College Football-NFL Best Bets: 3 Picks on Memphis, Eagles vs. Patriots, More

College Football-NFL Best Bets: 3 Picks on Memphis, Eagles vs. Patriots, More article feature image

John Rivera/Icon Sportswire via Getty Images. Pictured: G.J. Kinne.

With the NFL now back in full force, I’ll be building out a weekly card drawing from both the collegiate and professional ranks. So, if your cable provider is still beefing with ESPN, now would be a good time to make alternate plans because my plays will range from the featured Game of the Week in the NFL to a lowly Group of Five matchup being played on ESPN+.

Speaking of streaming games on your television, let’s start down in San Antonio and take a stroll on the River Walk as two high-scoring Texas schools meet in Week 2 of the college football season.

Texas State vs. UTSA

Saturday, Sept. 9
12 p.m. ET
Over 67.5

If you haven’t been following college football closely in the past few seasons, you might gloss right past this matchup. But rest assured, this could end up being the most entertaining shootout of the entire weekend.

The Roadrunners of UTSA are one of the very best Group of Five teams, having won back-to-back C-USA titles before receiving the call-up to the AAC. They’re led by seventh-year quarterback Frank Harris, who somehow is just one touchdown away from 100 in his storied career. They were slowed in the opener by Houston and Doug Belk, one of the nation’s best defensive coordinators.

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Harris tossed a red zone pick and two other interceptions and the Roadrunners missed a field goal, all in a three-point loss. But running back Kevorian Barnes looked really sharp, rumbling for 103 yards on just 16 carries. This makes UTSA a prime candidate for a positive regression in Week 2 against a vulnerable Texas State defense.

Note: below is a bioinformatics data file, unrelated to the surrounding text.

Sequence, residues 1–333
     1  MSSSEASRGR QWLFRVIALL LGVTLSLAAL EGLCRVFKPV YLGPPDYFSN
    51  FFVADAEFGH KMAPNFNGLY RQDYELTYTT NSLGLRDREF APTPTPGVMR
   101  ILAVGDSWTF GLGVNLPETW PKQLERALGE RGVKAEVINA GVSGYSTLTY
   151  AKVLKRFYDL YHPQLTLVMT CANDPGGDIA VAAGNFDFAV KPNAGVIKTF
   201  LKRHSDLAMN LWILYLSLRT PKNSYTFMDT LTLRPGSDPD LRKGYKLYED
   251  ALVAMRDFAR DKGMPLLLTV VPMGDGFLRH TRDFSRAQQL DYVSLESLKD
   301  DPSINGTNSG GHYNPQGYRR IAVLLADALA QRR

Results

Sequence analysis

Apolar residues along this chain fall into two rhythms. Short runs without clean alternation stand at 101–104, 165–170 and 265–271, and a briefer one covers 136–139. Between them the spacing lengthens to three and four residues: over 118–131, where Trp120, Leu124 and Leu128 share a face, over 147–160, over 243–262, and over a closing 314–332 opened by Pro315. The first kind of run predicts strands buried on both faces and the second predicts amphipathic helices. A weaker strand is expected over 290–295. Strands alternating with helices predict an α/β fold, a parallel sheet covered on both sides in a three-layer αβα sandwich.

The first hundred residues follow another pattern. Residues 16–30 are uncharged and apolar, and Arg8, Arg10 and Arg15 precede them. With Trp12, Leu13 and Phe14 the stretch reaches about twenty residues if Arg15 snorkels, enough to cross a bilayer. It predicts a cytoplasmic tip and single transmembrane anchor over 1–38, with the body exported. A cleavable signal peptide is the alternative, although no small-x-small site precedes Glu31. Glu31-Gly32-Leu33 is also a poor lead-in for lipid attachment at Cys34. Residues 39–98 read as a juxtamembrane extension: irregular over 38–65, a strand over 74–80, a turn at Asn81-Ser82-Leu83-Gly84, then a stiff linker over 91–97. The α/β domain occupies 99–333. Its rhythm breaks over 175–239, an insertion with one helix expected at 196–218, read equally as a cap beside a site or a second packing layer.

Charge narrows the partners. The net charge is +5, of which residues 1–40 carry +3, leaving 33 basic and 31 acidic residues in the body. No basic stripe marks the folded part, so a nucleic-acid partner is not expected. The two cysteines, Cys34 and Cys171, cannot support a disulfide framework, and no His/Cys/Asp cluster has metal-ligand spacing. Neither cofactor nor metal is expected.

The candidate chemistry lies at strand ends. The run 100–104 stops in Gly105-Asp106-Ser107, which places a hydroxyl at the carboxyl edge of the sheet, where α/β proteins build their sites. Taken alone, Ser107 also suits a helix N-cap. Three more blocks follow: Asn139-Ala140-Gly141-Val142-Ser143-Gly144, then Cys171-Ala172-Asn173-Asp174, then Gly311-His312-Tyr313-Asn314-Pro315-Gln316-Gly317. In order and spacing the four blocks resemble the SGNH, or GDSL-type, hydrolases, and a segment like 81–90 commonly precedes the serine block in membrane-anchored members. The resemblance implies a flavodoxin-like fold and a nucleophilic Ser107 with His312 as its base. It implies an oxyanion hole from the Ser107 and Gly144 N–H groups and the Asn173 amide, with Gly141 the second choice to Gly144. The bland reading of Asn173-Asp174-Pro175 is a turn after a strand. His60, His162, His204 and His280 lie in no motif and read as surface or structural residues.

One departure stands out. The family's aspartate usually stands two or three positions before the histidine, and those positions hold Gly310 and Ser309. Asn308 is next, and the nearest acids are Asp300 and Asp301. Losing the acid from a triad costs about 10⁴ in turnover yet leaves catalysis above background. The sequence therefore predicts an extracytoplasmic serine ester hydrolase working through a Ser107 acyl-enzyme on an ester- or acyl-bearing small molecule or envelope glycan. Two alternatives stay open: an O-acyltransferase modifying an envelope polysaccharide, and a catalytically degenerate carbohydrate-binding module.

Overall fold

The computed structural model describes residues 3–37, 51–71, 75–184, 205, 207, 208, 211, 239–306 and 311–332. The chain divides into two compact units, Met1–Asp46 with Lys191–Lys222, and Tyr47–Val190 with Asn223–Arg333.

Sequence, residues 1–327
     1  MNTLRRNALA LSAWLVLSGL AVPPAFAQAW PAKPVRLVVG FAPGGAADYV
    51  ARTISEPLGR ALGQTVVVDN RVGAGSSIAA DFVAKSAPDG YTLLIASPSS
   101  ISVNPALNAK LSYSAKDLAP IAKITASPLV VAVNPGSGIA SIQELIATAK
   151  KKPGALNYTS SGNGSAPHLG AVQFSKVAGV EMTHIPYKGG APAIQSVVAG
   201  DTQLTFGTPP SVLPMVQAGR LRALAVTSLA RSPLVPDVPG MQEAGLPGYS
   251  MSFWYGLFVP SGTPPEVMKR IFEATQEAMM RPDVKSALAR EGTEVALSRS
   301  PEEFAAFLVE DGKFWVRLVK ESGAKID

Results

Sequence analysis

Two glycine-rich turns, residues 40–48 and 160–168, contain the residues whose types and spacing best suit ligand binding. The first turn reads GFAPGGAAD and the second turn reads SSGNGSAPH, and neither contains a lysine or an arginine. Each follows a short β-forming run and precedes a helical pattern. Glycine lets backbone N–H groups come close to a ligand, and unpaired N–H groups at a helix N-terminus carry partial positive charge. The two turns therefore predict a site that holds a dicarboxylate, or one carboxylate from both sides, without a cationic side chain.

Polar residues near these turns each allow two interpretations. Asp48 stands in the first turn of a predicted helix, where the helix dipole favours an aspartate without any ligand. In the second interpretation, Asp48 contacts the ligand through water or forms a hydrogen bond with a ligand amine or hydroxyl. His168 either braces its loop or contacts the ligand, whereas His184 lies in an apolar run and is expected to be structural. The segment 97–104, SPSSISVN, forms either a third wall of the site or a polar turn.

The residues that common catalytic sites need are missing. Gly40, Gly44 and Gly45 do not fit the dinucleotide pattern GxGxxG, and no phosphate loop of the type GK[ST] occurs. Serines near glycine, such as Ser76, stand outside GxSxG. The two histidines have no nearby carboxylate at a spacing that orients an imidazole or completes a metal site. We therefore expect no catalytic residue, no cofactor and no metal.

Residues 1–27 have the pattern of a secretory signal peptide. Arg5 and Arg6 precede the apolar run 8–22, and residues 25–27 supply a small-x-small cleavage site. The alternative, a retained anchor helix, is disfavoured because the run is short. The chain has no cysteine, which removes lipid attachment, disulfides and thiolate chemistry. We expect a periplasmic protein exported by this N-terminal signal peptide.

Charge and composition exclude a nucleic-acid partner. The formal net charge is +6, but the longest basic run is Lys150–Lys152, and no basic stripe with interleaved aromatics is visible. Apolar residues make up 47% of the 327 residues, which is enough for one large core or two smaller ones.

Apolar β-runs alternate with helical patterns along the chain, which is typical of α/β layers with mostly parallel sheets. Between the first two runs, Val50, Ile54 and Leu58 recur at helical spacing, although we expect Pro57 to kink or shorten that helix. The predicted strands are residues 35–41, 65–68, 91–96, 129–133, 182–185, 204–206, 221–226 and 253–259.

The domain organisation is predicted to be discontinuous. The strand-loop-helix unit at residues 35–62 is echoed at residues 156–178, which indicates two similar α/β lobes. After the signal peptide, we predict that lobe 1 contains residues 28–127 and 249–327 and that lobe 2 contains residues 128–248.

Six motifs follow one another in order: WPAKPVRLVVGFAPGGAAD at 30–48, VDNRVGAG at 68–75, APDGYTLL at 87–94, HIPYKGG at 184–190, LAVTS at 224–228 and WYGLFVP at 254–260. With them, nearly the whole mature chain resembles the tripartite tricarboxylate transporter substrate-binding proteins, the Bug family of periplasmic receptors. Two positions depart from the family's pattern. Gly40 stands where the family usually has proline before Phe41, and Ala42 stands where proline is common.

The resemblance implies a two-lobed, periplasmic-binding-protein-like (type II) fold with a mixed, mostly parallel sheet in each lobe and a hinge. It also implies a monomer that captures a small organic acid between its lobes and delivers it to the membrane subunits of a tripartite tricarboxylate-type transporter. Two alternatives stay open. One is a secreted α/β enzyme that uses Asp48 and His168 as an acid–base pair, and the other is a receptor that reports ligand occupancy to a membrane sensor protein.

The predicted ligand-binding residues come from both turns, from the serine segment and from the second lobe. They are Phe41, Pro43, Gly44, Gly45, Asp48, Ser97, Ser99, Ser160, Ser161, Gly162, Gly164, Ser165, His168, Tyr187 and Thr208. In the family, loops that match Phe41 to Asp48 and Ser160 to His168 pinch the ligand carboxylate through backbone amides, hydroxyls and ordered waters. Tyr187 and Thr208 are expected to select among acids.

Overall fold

Texas State enters one week removed from the biggest win in school history. Their 42-31 upset of Baylor as four-touchdown underdogs was major college football’s introduction to G.J. Kinne. The 34-year-old Kinne set the world on fire with Incarnate Word, helping the Cardinals reach the FCS semifinals last season while leading the country in scoring (51.5 ppg). His quarterback, Lindsay Scott Jr., won the Walter Payton Award (FCS Heisman) and accounted for 71 total touchdowns. But Texas State’s cupboard was completely bare, so Kinne pulled a “pseudo-Sanders” in the offseason, overturning his roster.

After a wave of transfers signed with the Bobcats, their 2023 roster had 49 new faces. He just needed either T.J. Finley or Malik Hornsby, who arrived with SEC experience, to give this team hope at quarterback. Finley did just that in game one. He exploded for 316 yards and four scores. Their offensive line held up against a Power Five opponent and Dave Aranda’s secondary couldn’t slow down the TSU receiving corps. I expect more of that when the ‘Bobs tangle with the Roadrunners at the Alamodome.

Memphis vs. Arkansas State

Saturday, Sept. 9
12 p.m. ET
Memphis -21

These schools are separated by a state border but sit just 76 miles apart. They often find themselves in recruiting battles for players and have met on the field 60 times dating all the way back to 1914. As the saying goes, familiarity breeds contempt. This rivalry even has its own name, “The Paint Bucket Bowl,” and a matching trophy.

Memphis has won four straight in this series, including three entertaining shootouts in the past three seasons. But Saturday will be different. While Memphis is a solid Group of Five program with a reasonable chance to make some noise in the AAC, Arkansas State is on life support. The Red Wolves are 5-20 under Butch Jones and just lost to Oklahoma 73-0.